New York State Route 358

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New York State Route 358 marker

New York State Route 358
Map of the Buffalo area with NY 358 highlighted in red
Route information
Maintained by NYSDOT and Erie County
Length 9.70 mi[2] (15.61 km)
Existed 1930[1]–April 1982[3]
Major junctions
South end US 20A in Wales
North end US 20 in Alden
Location
Counties Erie
Highway system
NY 357NY 359

New York State Route 358 (NY 358) was a north–south state highway in Erie County, New York, in the United States. The southern terminus of the route was at an intersection with U.S. Route 20A (US 20A) in the hamlet of Wales Center within the town of Wales. Its northern terminus was at a junction with US 20 in the town of Alden. NY 358 mostly followed Two Rod Road; however, it was also routed on parts of Liberia and Four Rod roads.

NY 358 initially extended only from NY 354 to US 20 when it was assigned as part of the 1930 renumbering of state highways in New York. It was extended southward to Wales Center by 1935 over what had been originally part of NY 354. The NY 358 designation was removed in April 1982 and replaced with four different routes, including New York State Route 954G, an unsigned reference route.

Route description[edit]

NY 358 began at US 20A (Big Tree Road) in Wales Center, a hamlet in the northern part of the town of Wales. The route headed north on Four Rod Road, briefly paralleling Buffalo Creek before turning north to exit the valley surrounding the creek. Upon emerging from the valley and entering the town of Marilla, NY 358 turned west onto Liberia Road and followed it to the creekside community of Porterville. In Porterville, the route met Two Rod Road. It turned north, following Two Rod Road out of Porterville.[4]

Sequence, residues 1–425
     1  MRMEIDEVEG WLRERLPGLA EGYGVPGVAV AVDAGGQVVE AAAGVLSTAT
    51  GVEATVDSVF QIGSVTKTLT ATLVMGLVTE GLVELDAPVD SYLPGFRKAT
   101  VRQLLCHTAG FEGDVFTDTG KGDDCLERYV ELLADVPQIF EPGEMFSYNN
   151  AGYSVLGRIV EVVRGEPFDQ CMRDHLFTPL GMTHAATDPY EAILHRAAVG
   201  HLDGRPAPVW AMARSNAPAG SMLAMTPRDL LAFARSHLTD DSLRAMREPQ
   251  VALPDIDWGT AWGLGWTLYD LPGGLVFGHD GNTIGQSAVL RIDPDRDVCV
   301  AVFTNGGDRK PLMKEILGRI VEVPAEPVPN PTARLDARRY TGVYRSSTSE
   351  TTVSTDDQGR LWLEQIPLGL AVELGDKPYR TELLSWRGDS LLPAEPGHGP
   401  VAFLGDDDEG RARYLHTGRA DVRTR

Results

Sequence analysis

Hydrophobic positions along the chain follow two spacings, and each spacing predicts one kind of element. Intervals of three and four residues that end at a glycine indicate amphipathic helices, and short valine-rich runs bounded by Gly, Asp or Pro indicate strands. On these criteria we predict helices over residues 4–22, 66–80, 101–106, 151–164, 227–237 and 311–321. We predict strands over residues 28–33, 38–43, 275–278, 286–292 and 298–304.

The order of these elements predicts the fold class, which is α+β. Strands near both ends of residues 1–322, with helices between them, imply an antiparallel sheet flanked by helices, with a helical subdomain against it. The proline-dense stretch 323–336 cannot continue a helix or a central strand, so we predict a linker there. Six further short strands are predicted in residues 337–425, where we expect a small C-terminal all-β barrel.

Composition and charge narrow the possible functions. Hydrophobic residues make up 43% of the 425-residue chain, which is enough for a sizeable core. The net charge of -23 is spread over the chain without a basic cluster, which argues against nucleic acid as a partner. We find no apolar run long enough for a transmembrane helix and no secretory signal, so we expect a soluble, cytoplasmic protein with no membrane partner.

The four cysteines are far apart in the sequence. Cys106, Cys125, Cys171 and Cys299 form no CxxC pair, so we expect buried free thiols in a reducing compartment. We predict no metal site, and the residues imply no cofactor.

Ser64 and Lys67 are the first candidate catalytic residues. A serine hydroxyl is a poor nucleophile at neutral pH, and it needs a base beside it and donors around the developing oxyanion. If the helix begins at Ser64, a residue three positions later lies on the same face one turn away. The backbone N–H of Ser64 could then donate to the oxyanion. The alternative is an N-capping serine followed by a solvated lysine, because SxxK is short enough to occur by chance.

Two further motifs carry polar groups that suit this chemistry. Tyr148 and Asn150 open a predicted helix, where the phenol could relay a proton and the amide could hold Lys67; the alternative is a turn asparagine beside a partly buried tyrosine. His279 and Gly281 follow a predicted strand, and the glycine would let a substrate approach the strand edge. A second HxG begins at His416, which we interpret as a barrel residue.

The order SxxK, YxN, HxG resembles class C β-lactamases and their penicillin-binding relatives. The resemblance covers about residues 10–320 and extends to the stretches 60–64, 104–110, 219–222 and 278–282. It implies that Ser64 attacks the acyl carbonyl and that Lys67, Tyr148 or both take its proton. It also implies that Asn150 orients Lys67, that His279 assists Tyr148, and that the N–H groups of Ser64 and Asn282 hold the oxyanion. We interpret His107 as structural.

North of Porterville, NY 358 intersected Jamison Road (County Route 574 or CR 574), once designated as NY 422. The route continued on through rural portions of Marilla to the hamlet of the same name, where it served as the primary north–south street in the community. Just north of Marilla, NY 358 intersected NY 354 (Clinton Street).[4] The route continued onward into the town of Alden, where the amount of development along the highway began to increase. It crossed over Cayuga Creek, then ended shortly afterward at an intersection with US 20 (Broadway).[5]

History[edit]

In 1908, the New York State Legislature created Route 19, an unsigned legislative route extending from Buffalo to Batavia via Marilla and Wales Center. Route 19 entered Marilla on what is now Clinton Street and followed Two Rod, Liberia, and Four Rod Roads south to Wales Center, where it turned east onto Big Tree Road (now US 20A).[6][7] The portion of legislative Route 19 northwest of Wales Center was not assigned a posted route designation until the 1930 renumbering of state highways in New York when it became part of NY 354. Also assigned at this time was NY 358, which was initially a short north–south connector between NY 354 in Marilla and NY 35 (now US 20) in Alden.[1][8] NY 354 was rerouted c. 1935 to continue east on Clinton Street to NY 239 while NY 358 was extended southward to Wales Center over the former alignment of NY 354.[9][10]

NY 358 reference marker that remains on Two Rod Road in Alden